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Digital Revolution Eradicating Bible Poverty Wordwide

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WASHINGTON --  In Jesus said, "And this gospel of the kingdom will be preached in the whole world as a testimony to all nations, and then the end will come."

For the first time in history, the means are available to make the Gospel available to the whole world, putting the Bible into every language every person on the planet speaks.

And the people who can make it happen have a passion to make it a reality in this generation.

Mart Green, a member of the wealthy Green family that operates Hobby Lobby, helps run the family chain stores and heads up his own business, Mardel.  

But what really excites him is his work getting the Scripture translated into every tongue.

"My passion is by 2033 that 95 percent of the world will have a whole Bible, 99.9 percent will have a New Testament, and 100 percent will have at least 25 chapters," Green told CBN News.

'Openly Wept at God's Word'

This drive to spread the Word began 17 years ago when Green watched Gaspar, a Guatemalan tribesman, break down and cry after waiting 40 years to get his hands on the Scriptures in his language.

"The translation started in 1958. This was 1998, so a couple spent 40 years translating the Bible," he explained. "And I even wondered if it was a good return on investment: spend all that time and money for just 30,000 Eastern Jacalteco."

"But when Gaspar went forward to get his Bible, he did something I'd never seen before: and he openly wept to get God's Word," he said.

Green said he definitely knew at that moment all the investment was well worth it.

"My passion everyday since then has been to make sure that everybody has God's Word in the language they speak, what we call the heart language," he added.

Bob Creson, president of Wycliffe Bible Translators U.S.A., told CBN News putting the Scriptures into the world's 6,900 languages is well on the way.

"About a third of those don't need any work, about a third of those are underway, and about a third -- around 1,800 -- don't have one word of Scripture yet," Creson said.

But hi-tech innovations are slashing the average 40-year time it used to take to do a translation.

"It's accelerated the pace such that now it takes about 10 years or even less for a New Testament to be done," Creson said.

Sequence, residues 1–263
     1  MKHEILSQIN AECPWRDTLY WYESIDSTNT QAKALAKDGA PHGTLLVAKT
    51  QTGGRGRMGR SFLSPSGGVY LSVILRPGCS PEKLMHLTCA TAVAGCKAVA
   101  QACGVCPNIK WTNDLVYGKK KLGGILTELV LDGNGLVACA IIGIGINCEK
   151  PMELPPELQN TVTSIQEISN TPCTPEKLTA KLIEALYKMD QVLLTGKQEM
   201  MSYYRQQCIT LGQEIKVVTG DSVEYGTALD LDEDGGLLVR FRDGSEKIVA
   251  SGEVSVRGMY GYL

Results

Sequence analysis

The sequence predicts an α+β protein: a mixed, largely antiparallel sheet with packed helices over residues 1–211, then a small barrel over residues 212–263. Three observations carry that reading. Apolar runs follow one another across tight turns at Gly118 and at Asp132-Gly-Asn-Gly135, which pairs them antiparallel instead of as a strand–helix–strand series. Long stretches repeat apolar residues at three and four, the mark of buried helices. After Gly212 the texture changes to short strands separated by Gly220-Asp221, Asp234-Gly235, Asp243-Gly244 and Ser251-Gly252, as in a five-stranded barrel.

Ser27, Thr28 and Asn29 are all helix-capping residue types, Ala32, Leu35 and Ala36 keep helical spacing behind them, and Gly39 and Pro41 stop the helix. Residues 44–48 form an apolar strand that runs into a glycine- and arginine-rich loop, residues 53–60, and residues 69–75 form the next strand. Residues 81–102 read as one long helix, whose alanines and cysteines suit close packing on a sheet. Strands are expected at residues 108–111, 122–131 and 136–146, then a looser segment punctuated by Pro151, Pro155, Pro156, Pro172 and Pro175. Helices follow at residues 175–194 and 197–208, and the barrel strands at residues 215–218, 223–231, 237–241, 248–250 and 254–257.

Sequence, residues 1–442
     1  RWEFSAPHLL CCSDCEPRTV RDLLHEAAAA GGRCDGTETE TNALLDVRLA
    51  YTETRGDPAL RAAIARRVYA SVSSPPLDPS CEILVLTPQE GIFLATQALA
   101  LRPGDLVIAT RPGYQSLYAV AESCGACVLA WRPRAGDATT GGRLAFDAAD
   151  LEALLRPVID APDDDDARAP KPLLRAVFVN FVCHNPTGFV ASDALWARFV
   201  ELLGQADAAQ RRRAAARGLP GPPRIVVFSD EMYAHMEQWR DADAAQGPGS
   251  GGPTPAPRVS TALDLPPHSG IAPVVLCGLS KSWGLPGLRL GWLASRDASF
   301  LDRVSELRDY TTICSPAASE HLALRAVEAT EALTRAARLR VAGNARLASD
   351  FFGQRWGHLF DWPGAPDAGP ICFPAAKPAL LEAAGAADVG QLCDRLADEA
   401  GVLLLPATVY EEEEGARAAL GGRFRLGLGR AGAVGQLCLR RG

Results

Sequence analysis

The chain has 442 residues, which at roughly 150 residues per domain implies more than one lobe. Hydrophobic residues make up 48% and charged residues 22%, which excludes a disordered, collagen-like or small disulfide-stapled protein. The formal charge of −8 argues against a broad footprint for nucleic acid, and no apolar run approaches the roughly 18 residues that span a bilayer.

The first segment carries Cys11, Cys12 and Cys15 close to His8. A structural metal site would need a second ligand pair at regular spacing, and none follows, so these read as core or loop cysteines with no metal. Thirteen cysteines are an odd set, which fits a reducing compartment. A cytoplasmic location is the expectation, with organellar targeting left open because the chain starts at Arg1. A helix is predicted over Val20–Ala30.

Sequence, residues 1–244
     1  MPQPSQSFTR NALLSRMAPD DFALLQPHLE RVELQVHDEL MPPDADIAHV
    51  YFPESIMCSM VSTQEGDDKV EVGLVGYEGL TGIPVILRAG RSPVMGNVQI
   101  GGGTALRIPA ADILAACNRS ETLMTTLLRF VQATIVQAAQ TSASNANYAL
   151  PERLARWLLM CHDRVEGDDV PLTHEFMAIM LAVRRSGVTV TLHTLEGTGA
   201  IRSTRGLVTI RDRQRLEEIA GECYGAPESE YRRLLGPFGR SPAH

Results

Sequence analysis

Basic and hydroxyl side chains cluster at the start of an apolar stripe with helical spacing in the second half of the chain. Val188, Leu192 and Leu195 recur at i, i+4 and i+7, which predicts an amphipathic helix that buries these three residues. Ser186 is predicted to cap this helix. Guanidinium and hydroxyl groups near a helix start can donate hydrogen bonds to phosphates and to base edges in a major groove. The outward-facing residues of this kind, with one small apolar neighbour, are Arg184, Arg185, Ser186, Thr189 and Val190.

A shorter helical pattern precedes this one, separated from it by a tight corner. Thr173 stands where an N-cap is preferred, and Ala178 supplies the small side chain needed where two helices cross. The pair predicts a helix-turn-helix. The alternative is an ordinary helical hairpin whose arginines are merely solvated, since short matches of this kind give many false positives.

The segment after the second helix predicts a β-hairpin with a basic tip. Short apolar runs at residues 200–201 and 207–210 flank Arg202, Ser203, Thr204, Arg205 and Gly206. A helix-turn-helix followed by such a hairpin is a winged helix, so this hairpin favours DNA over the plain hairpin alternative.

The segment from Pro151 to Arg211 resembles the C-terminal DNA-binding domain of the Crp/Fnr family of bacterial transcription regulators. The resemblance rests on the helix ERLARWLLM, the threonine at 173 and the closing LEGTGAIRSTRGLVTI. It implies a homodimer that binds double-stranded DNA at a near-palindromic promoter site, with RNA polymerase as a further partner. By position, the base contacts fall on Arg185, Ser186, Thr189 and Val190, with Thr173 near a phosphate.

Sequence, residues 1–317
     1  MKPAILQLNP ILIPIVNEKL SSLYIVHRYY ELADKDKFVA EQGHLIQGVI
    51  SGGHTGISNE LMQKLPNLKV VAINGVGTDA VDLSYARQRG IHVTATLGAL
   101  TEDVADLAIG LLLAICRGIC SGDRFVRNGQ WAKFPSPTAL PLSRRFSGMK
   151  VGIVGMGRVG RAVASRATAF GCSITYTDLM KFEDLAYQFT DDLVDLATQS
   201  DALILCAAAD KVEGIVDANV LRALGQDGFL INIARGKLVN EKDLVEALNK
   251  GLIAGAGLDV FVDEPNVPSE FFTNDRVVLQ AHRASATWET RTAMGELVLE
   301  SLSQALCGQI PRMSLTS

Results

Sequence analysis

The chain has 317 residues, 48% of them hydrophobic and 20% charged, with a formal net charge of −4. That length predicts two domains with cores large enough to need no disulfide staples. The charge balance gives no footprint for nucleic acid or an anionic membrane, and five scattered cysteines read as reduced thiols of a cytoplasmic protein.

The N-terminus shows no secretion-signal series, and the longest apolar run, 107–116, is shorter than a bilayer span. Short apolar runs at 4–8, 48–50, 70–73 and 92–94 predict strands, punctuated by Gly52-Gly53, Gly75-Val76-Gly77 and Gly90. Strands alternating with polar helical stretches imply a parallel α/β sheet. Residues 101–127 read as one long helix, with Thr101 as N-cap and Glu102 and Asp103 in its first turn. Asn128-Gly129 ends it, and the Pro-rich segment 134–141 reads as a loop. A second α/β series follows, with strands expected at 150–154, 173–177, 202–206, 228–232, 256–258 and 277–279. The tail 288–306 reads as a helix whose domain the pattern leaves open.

And innovations like the YouVersion Bible App are allowing people, even those who can't read or see, to access the Bible in a few seconds on their digital devices.

Getting Around Bible Bans

Those apps make it possible for citizens in countries where the Bible is banned to consume it unseen.

"So instead of carrying a Bible around that might put your life at risk, now you carry your phone," Green explained.

Pastor Bobby Gruenewald of came up with the YouVersion Bible app, which has been downloaded more than 170 million times.
"The app's been used in absolutely every country and territory on the planet, including places where the Bible's prohibited, where if people were caught with a Bible, they'd be put to death," Gruenewald said.

Gruenewald remembers a Malaysian minority woman realizing her people could finally read banned Scripture because of the app. She had fled her homeland.

"She said many of the churches are underground because a majority of the population is Muslim. And so she got introduced to the Bible app," he said. "And she was scrolling through and found her native tongue available in Scripture."

"And she was just amazed because when she was young, they'd burned all the Bibles in that language," he continued. "The last time she'd seen God's Word in her language, she was a little girl."

'They Can't Burn This'

She thought she'd never see it again because, as Gruenewald put it, "all the Bibles were gone."

"And she just wept as she really realized what this could mean: and she's excited about being able to take this back and share it with others," he said. "And one of the things that she said was, 'They can't burn this.' And she's talking about the app."

An added benefit of all the digital diversity is it's allowing Bibles to help with illiteracy.

"People will either read on their phones or read in a book; they'll listen to the recorded version," Creson explained. "And they'll actually learn how to read, using the Scriptures and listening to the audio."

Technology is also helping to reach young people who might be reading books much less as they watch screens much more.

For instance, Gruenewald's team of mostly young parents and their allies have put out the Bible App for Kids.